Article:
Reflect on how often you have heard a Fourth Estate political commentator argue: “Because of this set of facts, I am of the opinion that so and so is true”? Seldom. How often have you heard one of them say: “My opinion is based on the following propositions…”? Practically never. How often have you heard or read: “If you put together these facts, it is logical to conclude that…and here is why”? Never.
So what do they say? “He/she showed poor judgement” (no supporting evidence advanced). “That was an appalling mistake” (no facts or reasons for that view provided). “That will play out badly with the electorate” (why this is predicted is not stated). We see this time and again. This piece asserts that it is the substitution of unsupported opinion, often arising from a partisan mindset, in place of evidence and reasoning, that is the genesis of most of the media ‘bias’, about which there is so much contemporary angst.
Let’s examine a recent case in point. Here is what Niki Savva said in her discussion with Sky News Political Editor David Speers on 25 February in an Agenda
session: Are we too focused on polls?
Referring to leadership speculation, Savva insisted that PM Gillard: ”brings it on herself”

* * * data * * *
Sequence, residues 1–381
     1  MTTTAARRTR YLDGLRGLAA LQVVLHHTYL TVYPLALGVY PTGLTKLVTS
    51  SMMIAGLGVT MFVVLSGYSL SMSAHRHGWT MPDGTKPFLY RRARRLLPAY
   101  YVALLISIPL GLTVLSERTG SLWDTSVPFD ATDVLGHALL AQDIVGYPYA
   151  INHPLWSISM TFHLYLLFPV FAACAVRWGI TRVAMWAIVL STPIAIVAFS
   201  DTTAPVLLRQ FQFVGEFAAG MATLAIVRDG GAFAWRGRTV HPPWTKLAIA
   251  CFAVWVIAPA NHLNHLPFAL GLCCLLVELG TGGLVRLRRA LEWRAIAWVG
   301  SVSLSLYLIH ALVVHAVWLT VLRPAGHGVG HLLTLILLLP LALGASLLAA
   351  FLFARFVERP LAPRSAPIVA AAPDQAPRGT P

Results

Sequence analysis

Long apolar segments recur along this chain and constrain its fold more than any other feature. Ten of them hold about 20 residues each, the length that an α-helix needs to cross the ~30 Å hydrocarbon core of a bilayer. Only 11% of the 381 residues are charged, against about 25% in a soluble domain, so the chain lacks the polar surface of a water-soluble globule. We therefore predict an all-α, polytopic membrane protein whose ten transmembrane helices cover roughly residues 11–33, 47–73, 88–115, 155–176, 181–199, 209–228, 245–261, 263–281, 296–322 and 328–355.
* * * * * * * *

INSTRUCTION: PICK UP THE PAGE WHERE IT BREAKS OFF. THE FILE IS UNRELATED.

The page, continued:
because: ”she performs badly, not just once, but repeatedly.”
And: ”She has shown continuously that she has bad judgement…it’s a case of her own missteps. She calls the election for September 14 and then within a matter of days…she announces the departure of two senior cabinet ministers…”
Read that again, or better still, play the YouTube video of the Agenda discussion
Reflect on her words, and if you watch the video, take a look at Savva’s body language.
What are the relevant facts? There are two: PM Gillard announced a September 14 election and two days later announced the resignation of Chris Evans and Nicola Roxon. Indisputable facts. The rest of what Savva says is simply opinion – her opinion.
She offers no reasoning. She simply states, with her usual self-confidence, that: ”she [Gillard] performs badly, not just once but repeatedly”
, and that she has “bad judgement”
. In the next breath she says: “She [Gillard] calls the election for September 14 and then within a matter of days…she announces the departure of two senior cabinet ministers…”
, as if that is sufficient reason for her to condemn the PM vigorously. Savva is of the opinion
that announcing the election and then the resignations is ‘bad judgement’, a ‘misstep’. Who says so, apart from Savva? No doubt other anti-Gillard journalists, such as Judith Sloan, who agreed recently on The Drum
But not one journalist that I have heard or read has argued why these actions constituted ‘bad judgement’ or a ‘misstep’. On what basis were they so? What precedents suggest this is so? We are supposed to accept this journalistic ‘wisdom’ as if it were gospel, without the need for facts, evidence, argument, or reasoning to support it. This is what we the public are confronted with day after day – opinion masquerading as informed reasoning, well thought through conclusions, fact based logic. It is a monumental con. It’s time we cried out in protest.